PDX Contemporary Art
Storm Tharp: Holding a Peach
Whether or not you know exactly what you're looking at, Tharp's new (ahem) body of work promises to pique your most elegant and sensual inner perv. Through painting and soft sculpture, Tharp explores a melange of detailed fabric patterns and abstracted fleshy forms.
Sally Cleveland: Winter Greenways
Cleveland's impressionistic depictions of our region's industrial and rural landscapes feature hints of lapsed manufacturing and undertones of isolation and/or desolation, while slightly skewed brushstrokes give the effect of scenes warped and softened by our native wet weather.
Blue Sky Gallery
Phyllis Galembo: Maske
In ancient cultures, the spiritual significance of the mask can hardly be overstated. More than a prop, it becomes the catalyst for conjuring ephemeral other selves and/or spirits. Phyllis Galembo's arresting portraits of African masked men, featured in National Geographic, give observers an obscured glimpse at old rituals of self transformation.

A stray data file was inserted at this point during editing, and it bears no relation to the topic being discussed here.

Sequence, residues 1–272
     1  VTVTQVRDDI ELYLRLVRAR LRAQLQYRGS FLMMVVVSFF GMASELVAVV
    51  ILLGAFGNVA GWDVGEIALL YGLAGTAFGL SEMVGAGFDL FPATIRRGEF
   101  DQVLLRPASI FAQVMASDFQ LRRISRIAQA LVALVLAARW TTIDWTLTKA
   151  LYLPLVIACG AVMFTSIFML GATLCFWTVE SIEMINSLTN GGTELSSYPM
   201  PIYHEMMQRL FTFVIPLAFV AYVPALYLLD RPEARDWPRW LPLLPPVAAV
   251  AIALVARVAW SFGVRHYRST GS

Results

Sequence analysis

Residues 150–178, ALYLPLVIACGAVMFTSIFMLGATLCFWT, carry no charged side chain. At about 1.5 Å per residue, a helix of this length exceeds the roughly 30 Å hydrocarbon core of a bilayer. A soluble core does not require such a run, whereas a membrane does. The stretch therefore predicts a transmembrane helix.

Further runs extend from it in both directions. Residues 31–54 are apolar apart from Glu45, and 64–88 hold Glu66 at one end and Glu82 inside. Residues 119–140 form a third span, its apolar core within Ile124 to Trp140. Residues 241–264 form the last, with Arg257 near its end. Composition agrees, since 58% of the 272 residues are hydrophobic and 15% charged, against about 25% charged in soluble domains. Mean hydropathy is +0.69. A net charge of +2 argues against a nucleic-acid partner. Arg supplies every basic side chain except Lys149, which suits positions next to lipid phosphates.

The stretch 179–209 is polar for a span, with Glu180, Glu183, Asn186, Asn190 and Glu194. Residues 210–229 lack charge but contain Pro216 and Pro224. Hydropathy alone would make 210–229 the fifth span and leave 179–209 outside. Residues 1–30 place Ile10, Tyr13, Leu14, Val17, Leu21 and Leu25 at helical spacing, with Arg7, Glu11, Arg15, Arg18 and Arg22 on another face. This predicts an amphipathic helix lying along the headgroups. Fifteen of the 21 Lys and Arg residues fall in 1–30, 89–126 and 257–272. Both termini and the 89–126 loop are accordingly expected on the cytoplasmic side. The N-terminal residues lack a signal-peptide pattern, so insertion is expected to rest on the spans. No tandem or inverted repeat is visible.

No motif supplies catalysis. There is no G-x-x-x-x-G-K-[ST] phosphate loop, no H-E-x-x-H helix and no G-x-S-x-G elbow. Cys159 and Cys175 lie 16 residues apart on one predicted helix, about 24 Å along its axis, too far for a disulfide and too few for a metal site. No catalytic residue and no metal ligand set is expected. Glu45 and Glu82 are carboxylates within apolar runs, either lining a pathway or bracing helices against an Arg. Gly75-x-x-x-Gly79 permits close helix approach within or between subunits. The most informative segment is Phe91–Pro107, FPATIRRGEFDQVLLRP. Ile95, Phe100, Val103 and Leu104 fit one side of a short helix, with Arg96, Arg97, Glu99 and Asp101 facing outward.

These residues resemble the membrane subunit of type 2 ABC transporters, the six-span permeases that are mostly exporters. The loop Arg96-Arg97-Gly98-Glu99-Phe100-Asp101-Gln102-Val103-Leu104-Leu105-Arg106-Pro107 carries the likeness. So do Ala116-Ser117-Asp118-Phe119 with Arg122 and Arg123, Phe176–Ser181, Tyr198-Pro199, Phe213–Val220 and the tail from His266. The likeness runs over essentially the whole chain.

Charles Hartman Fine Art
Anna Fidler: Vampires and Wolf Men
Fidler takes antique Oregon portrait subjects far outside the comfort zone, superimposing her own wild imagination via a psychedelic color scheme and areas where detailed line-work and crisp color delineation mimic heat-mapping or topography.
Elizabeth Leach Gallery
Richard Serra: Etchings
Perhaps best known for large-scale sculptural installations that often feature imposing curved sheet-metal walls, Serra’s minimalist structural sensibility translates to his etchings, which at times mirror the shapes he’s created elsewhere in three dimensions and are often bespeckled with a texture similar to his rusty patinas.
Laura Russo Gallery
Margaret Shirley: New Work
Plant life, when isolated and flattened, stands out as particularly intricate and precise in Shirley's rigorously pristine monochromatic color fields. The edges of real leaves and flowers, plucked out of their element, create a strikingly orderly pattern.